Photo by Backyard Brains
The whole visit was quite fruitful on both the art and science fronts, and we are exploring how to make our visit to West Texas a yearly Fall tradition. West Texas, with it’s unique geography and open skies, has an expansive effect on the mind that many brain-workers, including the cosmologists Donald Judd and Carl Sagan, have been attracted to. Thus, with Emily, we are brainstorming ways to begin a “Looking Outward, Look Inward” yearly fall workshop. West Texas already has the famous McDonald Observatory to understand the universe beyond, so why not also make the borderlands a place to understand the universe within?
Unique work spaces are abundant in West Texas and should appeal to the numerous DIYbio groups that have cropped up across the country in recent years. As the trip wound down, Emily arranged for Tim to run experiments in Padre’s vintage airstream land yacht on ranch land just a few miles west of the landmark Marfa eateries Mando’s and Alice’s Cafe. Though Tim didn’t get the chance to taste Mando’s chile rellenos or Alice’s huevos rancheros, he did eat a “Marfa burrito”, went hunting for “fragile cockroaches”on the banks of the Rio Grande and even got to debug student boards with unidentified circuit shorts in the airstream.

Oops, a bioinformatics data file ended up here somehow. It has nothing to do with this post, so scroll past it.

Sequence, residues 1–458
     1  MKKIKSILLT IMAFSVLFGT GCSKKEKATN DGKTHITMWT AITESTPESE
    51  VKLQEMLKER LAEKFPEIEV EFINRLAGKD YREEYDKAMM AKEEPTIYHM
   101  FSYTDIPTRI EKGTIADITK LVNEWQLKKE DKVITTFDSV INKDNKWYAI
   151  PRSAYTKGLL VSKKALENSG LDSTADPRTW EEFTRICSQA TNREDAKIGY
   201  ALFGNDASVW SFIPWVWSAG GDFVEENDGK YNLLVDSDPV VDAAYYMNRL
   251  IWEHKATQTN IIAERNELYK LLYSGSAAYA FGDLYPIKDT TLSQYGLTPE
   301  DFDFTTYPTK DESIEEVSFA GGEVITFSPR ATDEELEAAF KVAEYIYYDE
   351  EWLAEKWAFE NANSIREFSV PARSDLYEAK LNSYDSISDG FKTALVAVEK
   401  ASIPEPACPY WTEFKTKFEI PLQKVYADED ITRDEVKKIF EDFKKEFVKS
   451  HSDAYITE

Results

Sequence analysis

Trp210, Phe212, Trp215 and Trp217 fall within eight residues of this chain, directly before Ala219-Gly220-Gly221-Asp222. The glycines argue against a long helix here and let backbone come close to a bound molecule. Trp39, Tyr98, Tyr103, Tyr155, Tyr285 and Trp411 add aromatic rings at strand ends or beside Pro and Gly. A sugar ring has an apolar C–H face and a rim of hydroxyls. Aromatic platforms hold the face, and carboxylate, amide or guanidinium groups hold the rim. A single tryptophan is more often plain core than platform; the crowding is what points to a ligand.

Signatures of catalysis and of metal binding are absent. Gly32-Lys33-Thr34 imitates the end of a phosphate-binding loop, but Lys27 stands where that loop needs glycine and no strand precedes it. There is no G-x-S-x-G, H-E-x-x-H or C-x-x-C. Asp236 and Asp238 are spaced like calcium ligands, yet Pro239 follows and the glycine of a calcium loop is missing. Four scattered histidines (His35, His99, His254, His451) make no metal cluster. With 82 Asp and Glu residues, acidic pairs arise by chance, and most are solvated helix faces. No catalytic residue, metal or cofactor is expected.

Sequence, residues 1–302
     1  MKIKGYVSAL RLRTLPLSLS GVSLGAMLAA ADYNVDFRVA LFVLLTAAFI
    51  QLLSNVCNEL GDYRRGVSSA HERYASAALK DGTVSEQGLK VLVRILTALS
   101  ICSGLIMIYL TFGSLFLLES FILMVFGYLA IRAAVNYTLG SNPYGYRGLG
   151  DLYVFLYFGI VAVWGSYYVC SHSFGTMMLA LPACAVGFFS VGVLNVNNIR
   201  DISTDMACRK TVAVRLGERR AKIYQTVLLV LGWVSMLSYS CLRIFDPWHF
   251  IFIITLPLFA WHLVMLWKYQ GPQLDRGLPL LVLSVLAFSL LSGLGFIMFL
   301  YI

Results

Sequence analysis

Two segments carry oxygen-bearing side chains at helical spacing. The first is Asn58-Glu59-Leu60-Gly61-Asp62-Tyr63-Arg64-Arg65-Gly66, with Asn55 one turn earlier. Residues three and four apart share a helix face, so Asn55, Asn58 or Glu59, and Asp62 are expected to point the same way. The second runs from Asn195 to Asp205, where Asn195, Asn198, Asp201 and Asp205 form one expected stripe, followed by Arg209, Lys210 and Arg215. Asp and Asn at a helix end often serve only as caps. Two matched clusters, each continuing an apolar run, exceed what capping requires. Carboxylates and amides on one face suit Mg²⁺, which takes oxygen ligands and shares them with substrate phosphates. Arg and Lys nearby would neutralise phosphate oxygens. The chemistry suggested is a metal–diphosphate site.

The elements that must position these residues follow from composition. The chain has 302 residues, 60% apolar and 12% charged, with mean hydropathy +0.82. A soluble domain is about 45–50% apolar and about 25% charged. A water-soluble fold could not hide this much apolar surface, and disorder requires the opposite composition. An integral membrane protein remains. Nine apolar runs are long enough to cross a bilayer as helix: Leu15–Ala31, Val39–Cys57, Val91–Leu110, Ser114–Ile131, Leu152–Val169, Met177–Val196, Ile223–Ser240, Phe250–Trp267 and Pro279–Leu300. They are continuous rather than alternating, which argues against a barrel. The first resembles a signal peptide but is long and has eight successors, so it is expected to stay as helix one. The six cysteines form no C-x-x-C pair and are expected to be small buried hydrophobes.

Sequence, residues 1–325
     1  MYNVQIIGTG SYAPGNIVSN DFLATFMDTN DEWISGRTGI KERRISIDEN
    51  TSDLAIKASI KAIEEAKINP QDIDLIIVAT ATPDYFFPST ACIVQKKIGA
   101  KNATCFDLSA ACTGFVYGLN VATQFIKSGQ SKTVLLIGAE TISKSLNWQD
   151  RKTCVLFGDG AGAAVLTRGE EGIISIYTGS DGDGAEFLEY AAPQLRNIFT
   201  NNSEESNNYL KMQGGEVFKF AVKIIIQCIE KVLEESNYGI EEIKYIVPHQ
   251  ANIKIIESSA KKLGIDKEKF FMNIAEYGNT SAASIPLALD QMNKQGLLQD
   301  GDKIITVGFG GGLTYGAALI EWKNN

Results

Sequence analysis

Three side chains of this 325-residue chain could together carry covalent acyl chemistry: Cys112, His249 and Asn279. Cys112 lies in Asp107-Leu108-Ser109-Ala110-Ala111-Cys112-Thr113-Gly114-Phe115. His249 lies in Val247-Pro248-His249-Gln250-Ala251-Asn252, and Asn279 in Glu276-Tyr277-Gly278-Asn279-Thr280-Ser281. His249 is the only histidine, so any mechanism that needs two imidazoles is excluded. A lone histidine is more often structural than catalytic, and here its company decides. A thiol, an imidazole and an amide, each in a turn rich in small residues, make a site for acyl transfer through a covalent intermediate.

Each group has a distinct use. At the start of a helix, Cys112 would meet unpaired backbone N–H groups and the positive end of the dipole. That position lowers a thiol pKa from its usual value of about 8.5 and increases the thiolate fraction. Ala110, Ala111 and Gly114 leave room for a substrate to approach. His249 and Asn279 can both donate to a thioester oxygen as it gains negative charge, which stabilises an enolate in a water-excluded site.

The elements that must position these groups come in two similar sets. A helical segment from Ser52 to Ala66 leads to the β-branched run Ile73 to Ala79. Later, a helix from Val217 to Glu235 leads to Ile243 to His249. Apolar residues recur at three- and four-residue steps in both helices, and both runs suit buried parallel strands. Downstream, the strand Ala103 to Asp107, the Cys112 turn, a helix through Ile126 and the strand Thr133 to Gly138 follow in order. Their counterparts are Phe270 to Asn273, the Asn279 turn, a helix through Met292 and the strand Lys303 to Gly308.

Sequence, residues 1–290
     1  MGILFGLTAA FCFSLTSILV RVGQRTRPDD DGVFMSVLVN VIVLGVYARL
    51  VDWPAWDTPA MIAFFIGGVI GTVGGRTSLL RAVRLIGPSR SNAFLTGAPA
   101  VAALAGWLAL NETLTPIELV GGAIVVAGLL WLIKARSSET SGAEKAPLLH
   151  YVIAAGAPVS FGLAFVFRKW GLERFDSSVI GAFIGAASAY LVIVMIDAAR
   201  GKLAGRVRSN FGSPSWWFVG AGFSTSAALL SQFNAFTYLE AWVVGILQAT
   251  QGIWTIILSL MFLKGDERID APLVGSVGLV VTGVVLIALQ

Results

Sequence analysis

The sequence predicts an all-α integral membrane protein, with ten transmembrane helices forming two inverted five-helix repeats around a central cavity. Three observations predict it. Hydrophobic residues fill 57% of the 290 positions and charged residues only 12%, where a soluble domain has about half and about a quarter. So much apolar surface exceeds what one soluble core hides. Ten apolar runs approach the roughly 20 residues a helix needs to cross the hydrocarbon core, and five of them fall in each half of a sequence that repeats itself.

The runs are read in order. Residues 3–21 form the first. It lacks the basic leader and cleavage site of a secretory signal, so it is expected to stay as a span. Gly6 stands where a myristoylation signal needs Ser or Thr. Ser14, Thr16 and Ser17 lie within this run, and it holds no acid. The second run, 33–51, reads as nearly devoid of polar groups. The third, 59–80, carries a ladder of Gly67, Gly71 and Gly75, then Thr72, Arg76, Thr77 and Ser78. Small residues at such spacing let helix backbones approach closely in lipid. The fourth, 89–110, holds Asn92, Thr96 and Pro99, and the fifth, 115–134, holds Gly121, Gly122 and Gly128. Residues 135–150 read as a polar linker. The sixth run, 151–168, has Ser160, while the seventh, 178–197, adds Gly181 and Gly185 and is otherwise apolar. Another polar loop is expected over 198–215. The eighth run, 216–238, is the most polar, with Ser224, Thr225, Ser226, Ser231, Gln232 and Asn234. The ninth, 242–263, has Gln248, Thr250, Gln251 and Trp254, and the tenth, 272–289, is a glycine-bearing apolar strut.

Stay tuned. ¡Bienvenidos al futuro! ¿Que descubrimientos de los picos, nos esperan en el porvenir?
Photo by Backyard Brains
Photo by Emily Verla Bovino
Acknowledgements: We thank the Burns Family, Marfa Studio for the Arts, Fieldwork: Marfa, The Marfa National Bank, and Padre’s Marfa for sponsorship and support.
We hereby announce our 2-Channel SpikerBox. What can you do with it? Why, you can measure the speed of spikes as they travel down a nerve, in a truly “backyard” preparation using Earthworms. See our full experiment write up on how to do it! How fast is a spike? Faster than a car, faster than a plane, faster than a speeding bullet? Find out!